Beyond FOIA

A transparency milestone occurred when the IRS (Internal Revenue Service) began publishing XML-formatted nonprofit tax returns (Form 990s) on Amazon Web Services (AWS). While this development makes the Form 990s arguably more accessible to the public—coming directly from a federal agency rather than relying on a third-party, such as GuideStar or Foundation Center’s 990 Finder—the next tasks include making sure organizations file their Form 990s in a timely fashion with accurate information and requiring nonprofits to file annual forms electronically so that the machine-readable data can be compiled and analyzed. Today, you must open scanned images (PDFs) of the annual filings. Another task is rethinking what data from the forms would be helpful in understanding an organization’s operations so that we don’t need a Senate Committee on the Judiciary investigation and a 300-page report to learn about overhead expenses in relation to relief activities, as was recently the case with American Red Cross relief efforts in Haiti.

On the considerably less sunny side of the street, the House of Representatives passed a bill eliminating the requirement that nonprofit organizations disclose the names of their donors to the IRS. “Currently, individuals who contribute $5,000 or more to 501(c) groups must report their names and amounts donated to the IRS so the agency can monitor possible charity fraud and enforce tax laws; however, this information, compiled in ‘Schedule B’ sections of annual tax returns, is never released to the public. H.R. 5053 … would change this so donors to nonprofits wouldn’t have to report anything at all; in fact, the IRS would be blocked from learning anything about the identities of people who contribute money to nonprofit organizations,” according to the Sunlight Foundation.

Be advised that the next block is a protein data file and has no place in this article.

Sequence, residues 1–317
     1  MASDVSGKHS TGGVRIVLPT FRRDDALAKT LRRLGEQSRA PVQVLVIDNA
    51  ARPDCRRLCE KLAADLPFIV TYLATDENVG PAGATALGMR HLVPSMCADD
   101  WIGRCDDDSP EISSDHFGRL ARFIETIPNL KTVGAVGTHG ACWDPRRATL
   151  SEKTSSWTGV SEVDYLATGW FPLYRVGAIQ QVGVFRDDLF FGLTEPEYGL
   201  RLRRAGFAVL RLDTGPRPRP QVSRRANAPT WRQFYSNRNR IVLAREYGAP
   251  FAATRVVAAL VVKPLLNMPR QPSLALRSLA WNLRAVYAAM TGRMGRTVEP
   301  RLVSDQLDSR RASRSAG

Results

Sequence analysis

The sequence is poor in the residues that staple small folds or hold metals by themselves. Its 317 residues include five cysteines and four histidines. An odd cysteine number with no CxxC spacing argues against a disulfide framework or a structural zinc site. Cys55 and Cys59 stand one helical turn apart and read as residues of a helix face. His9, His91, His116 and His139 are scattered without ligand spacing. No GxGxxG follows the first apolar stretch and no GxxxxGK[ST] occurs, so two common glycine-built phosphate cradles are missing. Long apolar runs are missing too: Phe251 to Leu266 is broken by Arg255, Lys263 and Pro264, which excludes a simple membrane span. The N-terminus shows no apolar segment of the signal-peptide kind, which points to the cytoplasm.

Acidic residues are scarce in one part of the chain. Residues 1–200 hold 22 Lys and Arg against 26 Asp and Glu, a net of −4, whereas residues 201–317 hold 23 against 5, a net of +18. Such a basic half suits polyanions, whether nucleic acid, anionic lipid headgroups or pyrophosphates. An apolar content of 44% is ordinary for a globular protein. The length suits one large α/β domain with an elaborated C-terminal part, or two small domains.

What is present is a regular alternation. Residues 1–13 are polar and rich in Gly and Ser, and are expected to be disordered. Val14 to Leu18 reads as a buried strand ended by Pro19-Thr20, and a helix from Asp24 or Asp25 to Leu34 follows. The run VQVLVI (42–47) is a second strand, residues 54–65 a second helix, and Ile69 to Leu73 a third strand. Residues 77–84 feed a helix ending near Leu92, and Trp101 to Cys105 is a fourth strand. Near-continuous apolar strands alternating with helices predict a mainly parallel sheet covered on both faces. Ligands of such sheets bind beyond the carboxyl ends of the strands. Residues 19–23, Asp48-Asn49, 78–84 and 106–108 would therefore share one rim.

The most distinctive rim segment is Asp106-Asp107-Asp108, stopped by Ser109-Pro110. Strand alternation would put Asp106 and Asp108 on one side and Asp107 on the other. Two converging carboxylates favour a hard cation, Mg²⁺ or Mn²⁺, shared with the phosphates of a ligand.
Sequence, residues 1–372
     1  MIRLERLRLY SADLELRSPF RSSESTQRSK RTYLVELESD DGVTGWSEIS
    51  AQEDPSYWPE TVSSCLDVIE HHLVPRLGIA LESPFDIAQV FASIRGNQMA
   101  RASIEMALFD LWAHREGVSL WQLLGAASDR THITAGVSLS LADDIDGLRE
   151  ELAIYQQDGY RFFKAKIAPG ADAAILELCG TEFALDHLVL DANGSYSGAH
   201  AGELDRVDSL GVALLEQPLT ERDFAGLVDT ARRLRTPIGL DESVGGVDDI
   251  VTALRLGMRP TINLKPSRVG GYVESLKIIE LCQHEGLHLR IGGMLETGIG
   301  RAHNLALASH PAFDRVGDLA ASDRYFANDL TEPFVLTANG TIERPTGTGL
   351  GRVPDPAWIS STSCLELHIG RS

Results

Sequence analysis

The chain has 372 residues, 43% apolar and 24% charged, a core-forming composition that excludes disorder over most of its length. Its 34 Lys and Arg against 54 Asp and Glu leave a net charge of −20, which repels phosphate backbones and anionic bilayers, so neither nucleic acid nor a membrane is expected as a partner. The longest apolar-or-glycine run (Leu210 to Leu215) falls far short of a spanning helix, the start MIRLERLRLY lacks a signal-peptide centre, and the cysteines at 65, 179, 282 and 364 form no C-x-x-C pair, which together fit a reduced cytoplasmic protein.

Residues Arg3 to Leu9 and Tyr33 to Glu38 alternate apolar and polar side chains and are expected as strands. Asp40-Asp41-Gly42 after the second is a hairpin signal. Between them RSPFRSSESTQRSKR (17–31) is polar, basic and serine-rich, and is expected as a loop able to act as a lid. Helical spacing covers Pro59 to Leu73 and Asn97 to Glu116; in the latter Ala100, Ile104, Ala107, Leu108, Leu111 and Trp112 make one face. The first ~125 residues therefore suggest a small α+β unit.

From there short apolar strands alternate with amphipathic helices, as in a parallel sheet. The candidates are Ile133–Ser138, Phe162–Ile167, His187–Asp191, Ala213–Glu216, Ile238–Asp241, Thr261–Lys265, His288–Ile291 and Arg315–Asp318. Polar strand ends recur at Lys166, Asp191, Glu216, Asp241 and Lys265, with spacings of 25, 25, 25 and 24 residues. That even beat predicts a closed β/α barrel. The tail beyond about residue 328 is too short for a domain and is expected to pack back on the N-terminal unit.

The End of an Era (And the Beginning of Another)

As the Library of Congress bid farewell to the THOMAS website (which was replaced by on July 5, 2016, there are reasons to be hopeful about the future of access to legislative information and the ability to influence and understand how laws are crafted and evolve. One significant example of progress enabled by technology is the Establishing Digital Interactive Transparency Act (EDIT Act) introduced by Rep. Elise Stefanik (R-N.Y.) on June 15, 2016. According to Nextgov, it “would require congressional bills posted online to include a ‘track changes-style system’ showing all the tweaks made to legislation as it makes its way through Congress. … Stefanik’s bill would require the Library of Congress, within a year of the bill’s passage, to implement a track-changes system that would allow viewers to track revisions made to legislation within the same document.”

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Barbie E. Keiser is an information resources management consultant located in the metropolitan Washington, D.C., area.

Email Barbie E. Keiser